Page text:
BIC - December 2015
By: Shawn M. Galloway
The term "behavior" often has a negative connotation because of how it is used in discussions focused on performance and results. Imagine your significant other stating, "I want to talk to you about your behavior last night." You wouldn't anticipate a positive conversation. Behavior simply means an observable act. It is demonstrated in the words you use and how you use them, your body language (such as facial and hand expressions) and work product.
When it comes to incident- and injury-prevention efforts and the role behaviors play, there are two desirable types of behaviors: those that are mandatory and those that are discretionary. Rules, policies and procedures are tools designed to address and control mandatory behaviors. Other tools like behavior-based safety are put in place to address and influence discretionary injury-prevention behaviors. Controlling and influencing tools should not overlap, as the value they contribute is different and mixing them creates compliance and cultural problems.
Further, there are observable behaviors that prompt others to express concern, intervene or provide positive feedback. These behaviors fall into three categories: unsafe behaviors, at-risk behaviors and safe behaviors.
Unsafe Behaviors - These are dangerous acts that often result in injuries and can be identified with common sense and experience. When actions are highly probable to result in a negative outcome (i.e., injury) with high severity potential, we view these as unsafe. Think of driving at a high rate of speed while taking your eyes off the road for 30 seconds. It would be hard to argue the likelihood is extremely high this behavior will result in an injury. This behavior should be stopped.
At-Risk Behaviors - These are behaviors with a low probability of injury that most often do not result in injury but occasionally do or at least have the potential to. These behaviors are a problem for individuals and organizations because they are difficult to detect with common sense and experience without more data and sophisticated tools to analyze the data. Think of driving at a low rate of speed while thinking of something else and changing the radio station in your vehicle. While this risk is taken every day by countless drivers, few are involved in collisions. This behavior should be coached.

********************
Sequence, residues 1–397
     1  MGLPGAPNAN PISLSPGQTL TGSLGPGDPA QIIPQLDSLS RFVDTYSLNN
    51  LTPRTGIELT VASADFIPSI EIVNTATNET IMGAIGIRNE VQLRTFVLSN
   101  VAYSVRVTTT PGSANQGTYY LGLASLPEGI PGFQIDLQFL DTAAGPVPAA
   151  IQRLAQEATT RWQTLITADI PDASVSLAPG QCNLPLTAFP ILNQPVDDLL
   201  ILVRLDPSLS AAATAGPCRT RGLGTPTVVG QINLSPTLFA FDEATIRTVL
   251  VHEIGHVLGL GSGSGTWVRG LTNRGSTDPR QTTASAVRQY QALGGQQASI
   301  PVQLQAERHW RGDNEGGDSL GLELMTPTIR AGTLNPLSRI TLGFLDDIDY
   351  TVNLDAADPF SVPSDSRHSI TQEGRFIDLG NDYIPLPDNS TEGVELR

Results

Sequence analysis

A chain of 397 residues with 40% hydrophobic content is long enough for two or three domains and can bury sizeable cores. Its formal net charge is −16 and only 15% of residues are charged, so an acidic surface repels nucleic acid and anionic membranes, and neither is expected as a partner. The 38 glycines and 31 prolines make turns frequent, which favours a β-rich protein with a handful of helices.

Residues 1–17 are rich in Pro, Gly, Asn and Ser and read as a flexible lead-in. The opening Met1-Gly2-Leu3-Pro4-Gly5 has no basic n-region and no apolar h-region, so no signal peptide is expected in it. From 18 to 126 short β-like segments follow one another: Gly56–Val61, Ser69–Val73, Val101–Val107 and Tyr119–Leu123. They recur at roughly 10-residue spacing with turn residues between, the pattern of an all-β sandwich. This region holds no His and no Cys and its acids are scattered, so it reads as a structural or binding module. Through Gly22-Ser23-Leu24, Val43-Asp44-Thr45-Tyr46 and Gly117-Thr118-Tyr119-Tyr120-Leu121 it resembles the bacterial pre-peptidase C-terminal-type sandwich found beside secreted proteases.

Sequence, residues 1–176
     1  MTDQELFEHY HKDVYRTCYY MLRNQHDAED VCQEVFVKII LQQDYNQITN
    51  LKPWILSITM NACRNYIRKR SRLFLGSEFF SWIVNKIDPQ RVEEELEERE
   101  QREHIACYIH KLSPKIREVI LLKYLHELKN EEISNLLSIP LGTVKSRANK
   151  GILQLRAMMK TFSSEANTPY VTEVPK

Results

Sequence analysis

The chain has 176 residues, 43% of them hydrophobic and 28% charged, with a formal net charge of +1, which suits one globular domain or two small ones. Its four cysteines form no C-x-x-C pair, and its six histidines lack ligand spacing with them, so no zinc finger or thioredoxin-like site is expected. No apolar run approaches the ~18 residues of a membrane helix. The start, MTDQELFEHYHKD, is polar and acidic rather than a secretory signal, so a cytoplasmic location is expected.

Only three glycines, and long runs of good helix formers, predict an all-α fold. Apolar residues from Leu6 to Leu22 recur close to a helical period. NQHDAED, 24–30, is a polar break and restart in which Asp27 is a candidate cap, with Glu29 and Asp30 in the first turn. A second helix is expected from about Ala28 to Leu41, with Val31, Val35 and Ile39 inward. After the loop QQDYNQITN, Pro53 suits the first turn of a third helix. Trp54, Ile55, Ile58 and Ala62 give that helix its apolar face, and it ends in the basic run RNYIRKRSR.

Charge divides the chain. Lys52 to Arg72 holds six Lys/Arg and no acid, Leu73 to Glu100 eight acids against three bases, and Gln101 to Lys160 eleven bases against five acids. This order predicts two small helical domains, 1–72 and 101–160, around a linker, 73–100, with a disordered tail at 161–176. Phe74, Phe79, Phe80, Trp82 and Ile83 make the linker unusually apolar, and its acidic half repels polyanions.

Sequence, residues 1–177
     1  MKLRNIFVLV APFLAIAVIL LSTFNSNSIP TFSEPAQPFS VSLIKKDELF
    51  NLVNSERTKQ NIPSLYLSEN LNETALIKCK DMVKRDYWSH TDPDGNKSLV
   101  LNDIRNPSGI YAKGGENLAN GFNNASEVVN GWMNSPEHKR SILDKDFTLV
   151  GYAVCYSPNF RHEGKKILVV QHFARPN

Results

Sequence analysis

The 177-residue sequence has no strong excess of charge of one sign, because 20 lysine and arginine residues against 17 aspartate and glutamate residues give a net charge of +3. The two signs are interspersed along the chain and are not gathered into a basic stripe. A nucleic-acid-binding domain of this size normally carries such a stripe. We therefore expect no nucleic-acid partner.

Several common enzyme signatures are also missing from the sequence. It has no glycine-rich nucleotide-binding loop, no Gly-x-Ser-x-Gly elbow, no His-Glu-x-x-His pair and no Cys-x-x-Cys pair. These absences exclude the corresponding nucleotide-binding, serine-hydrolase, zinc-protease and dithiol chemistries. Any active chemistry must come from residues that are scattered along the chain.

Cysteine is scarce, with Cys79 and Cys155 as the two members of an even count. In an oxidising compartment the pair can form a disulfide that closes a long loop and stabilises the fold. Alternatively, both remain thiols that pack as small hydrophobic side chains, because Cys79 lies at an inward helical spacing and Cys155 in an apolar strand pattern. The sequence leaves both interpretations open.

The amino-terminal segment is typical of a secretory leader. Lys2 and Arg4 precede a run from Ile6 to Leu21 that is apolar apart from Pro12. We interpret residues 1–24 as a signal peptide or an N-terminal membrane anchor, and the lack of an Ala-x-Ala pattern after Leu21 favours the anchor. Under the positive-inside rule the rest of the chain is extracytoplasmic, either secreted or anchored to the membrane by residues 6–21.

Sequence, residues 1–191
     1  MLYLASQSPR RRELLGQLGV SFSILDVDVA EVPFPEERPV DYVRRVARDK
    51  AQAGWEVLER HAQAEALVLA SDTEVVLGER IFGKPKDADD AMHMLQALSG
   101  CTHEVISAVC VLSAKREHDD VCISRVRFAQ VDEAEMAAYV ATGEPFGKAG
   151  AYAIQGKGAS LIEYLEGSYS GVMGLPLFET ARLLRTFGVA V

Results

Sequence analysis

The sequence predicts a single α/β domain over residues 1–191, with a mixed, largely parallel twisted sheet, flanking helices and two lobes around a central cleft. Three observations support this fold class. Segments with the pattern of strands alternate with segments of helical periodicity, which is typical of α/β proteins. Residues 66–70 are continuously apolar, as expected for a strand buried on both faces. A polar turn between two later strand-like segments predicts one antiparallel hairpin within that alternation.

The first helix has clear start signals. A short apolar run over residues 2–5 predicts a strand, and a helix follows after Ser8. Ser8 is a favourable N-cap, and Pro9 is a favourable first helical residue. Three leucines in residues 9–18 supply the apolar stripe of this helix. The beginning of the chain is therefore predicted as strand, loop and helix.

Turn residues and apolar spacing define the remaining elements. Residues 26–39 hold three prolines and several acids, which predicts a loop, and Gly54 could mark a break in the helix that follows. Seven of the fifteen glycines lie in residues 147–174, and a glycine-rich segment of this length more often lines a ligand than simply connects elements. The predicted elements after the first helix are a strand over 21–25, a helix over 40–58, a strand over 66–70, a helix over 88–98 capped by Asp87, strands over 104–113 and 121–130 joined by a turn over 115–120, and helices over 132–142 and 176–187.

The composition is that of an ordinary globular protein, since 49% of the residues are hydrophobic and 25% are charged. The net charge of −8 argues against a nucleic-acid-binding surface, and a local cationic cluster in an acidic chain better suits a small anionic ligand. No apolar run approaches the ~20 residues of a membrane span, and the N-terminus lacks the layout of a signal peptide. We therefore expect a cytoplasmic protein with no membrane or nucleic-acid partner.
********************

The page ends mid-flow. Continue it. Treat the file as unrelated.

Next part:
Safe Behaviors - These are acts with little or no danger, almost never resulting in injury. The known risks are controlled, and everyone observing the action would agree. Think of driving with your hands kept on the steering wheel, eyes focused on the road and constantly scanning for changes in the environment, with your attention focused exclusively on the task at hand. This behavior should be positively reinforced.
The higher the probability of a negative consequence, the more easily people recognize the risks. When risk potential reduces, we tend to overlook or fail to recognize the risk associated with the task and continue to behave in an unsafe or risky way. Sometimes we don't realize we are not performing a task in the safest manner until someone points it out to us.
Rules should be established and consistently enforced with a balance of consequences to prevent or stop unsafe behaviors. At-risk behaviors should be addressed by coaching, changing perceptions, overcoming the influences that encourage risky behavior and creating new habits. Safe behaviors should be positively reinforced immediately and as many times as possible to perpetuate new or existing safe habits. Terms and tools used to improve safety performance either create alignment and buy-in or create confusion and resistance to change. How do you use the term "behavior," and what tools do you use to improve them?